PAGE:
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Teruya creates buttons to foster student awareness, raise funds for Latin

Coppell+High+School+sophomore+Karina+Teruya+displays+her+buttons%2C+which+feature+different+philosophers+and+puns%2C+on+her+backpack.+She+raised+approximately+%24200+in+funds+for+Latin+competitions+and+spread+awareness+about+Latin+III+and+IV+classes+being+cut+next+year.+
Coppell High School sophomore Karina Teruya displays her buttons, which feature different philosophers and puns, on her backpack. She raised approximately $200 in funds for Latin competitions and spread awareness about Latin III and IV classes being cut next year.

Coppell High School sophomore Karina Teruya displays her buttons, which feature different philosophers and puns, on her backpack. She raised approximately $200 in funds for Latin competitions and spread awareness about Latin III and IV classes being cut next year.

Bren Fletchner

Bren Fletchner

Coppell High School sophomore Karina Teruya displays her buttons, which feature different philosophers and puns, on her backpack. She raised approximately $200 in funds for Latin competitions and spread awareness about Latin III and IV classes being cut next year.

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Coppell High School sophomore Karina Teruya is a creative genius, a dedicated Latin study and most importantly, a determined problem solver. All three of these characteristics merge together when she creates buttons.

 

When CHS Latin teacher Gina Powell brought her button machine to class one day, Teruya suggested fundraising for events such as The Texas State Junior Classical League state competition by making buttons with philosophers and a fun pun related to each.

 

“I never asked Karina to do it…she just did it,” Powell said. “That’s the thing Karina does, that’s what defines her. If she sees something that needs to be done, she is going to figure it out in a fun and creative way. She’s truly amazing.”

 

I never asked Karina to do it…she just did it. She is truly amazing. ”

— Gina Powell, CHS Latin teacher

 

As Teruya was selling pins in March, she received news from her Latin teacher that Latin III and IV classes would not be offered at CHS. As of now, Powell said the plan is to offer it as a dual credit course at North Lake Community College.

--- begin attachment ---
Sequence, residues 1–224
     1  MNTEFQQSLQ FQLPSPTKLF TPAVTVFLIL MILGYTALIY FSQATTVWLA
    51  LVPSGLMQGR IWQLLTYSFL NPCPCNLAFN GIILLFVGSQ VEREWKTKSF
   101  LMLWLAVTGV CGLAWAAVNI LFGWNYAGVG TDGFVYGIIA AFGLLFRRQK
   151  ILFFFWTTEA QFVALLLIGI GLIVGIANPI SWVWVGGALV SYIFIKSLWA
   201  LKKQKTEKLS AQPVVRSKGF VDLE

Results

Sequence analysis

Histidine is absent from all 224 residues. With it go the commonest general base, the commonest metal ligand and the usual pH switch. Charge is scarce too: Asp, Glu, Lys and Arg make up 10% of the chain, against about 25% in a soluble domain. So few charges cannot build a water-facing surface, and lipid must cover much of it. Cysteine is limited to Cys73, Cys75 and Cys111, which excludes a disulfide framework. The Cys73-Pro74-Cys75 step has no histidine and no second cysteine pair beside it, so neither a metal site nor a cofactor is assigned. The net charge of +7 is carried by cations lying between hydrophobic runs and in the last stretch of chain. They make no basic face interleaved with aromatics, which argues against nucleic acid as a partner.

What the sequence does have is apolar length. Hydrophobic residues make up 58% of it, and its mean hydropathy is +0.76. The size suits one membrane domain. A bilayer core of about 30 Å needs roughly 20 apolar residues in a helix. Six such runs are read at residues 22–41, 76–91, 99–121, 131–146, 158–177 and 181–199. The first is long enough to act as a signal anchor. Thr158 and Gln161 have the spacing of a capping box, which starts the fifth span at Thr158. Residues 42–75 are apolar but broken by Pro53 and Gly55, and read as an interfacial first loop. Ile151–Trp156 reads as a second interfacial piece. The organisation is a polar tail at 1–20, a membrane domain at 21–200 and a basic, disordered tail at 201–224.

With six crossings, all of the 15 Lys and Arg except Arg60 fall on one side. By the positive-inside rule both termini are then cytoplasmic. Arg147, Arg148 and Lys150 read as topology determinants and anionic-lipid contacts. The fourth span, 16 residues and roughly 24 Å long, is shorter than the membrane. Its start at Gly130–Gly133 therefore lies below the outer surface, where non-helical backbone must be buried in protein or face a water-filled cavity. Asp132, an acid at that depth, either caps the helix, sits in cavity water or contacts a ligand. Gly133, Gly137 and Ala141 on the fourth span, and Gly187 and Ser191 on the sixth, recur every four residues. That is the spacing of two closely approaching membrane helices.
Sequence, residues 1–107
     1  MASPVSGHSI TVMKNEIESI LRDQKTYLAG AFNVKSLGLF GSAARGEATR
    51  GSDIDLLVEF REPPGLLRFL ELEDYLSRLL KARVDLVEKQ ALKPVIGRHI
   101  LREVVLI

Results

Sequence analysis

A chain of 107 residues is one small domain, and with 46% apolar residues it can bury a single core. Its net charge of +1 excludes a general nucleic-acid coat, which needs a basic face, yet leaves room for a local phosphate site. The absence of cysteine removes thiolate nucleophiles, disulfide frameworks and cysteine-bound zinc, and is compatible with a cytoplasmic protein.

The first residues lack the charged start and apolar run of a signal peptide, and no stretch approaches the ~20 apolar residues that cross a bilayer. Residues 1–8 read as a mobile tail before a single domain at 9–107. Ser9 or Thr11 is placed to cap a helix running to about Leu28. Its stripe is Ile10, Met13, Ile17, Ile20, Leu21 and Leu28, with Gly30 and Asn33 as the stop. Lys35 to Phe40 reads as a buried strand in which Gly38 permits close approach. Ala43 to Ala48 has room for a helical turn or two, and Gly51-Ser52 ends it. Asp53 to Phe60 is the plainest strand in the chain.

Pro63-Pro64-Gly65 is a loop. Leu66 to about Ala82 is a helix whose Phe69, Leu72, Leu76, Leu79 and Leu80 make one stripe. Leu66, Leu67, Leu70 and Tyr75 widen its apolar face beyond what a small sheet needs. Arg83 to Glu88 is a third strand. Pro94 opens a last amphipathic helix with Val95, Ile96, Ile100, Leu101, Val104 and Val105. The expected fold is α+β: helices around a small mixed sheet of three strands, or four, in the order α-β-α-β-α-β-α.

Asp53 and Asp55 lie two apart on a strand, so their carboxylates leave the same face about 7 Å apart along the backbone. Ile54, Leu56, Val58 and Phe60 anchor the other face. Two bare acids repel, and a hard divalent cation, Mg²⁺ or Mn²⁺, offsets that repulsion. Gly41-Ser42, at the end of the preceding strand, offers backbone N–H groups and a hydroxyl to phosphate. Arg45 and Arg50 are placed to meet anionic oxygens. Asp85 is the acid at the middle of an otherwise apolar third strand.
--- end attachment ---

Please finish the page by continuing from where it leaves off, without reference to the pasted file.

Thus the buttons really have a twofold purpose: 1. to raise awareness about the relevance of Latin classes being cut next year and 2. to raise money for field trips and events/competitions Latin had this year.

 

More than meets the eye went into planning what may initially seem like a simple design.

 

“I first did the sketches for these pins last year,” Teruya said. “Ever since I started Latin, I really enjoy the class, the history, the literature, the grammar and how amazing the language is itself.”

 

Although the button making machine allows the different parts to come together easily, Teruya must work with painstaking care to ensure each part is high quality.

 

“I transfer the [paper] sketch onto a digital platform,” Teruya said. “It takes me four to six hours to make three to four designs because I need to format it, think about the color set, and just drawing it. Then I would print it out. The button comes in parts: the outer shell, the plastic sheet that protects the paper [with the sketch], and the button backing. [The machine] presses it all together.”

 

For Teruya, seeing the overwhelming positive reception students was a pleasant surprise.

 

“At first I didn’t actually think about selling it to people in our school,” Teruya said. “I didn’t think people would be interested because I feel they don’t have as good of a connection to history and Classical culture as a Latin students. I was so excited when my friends asked to buy one.”